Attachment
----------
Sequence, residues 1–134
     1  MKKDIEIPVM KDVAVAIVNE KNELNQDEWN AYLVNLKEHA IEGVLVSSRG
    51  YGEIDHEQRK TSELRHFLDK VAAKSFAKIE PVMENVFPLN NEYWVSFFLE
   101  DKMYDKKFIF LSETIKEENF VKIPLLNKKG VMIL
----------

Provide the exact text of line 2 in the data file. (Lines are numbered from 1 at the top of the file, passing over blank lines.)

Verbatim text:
     1  MKKDIEIPVM KDVAVAIVNE KNELNQDEWN AYLVNLKEHA IEGVLVSSRG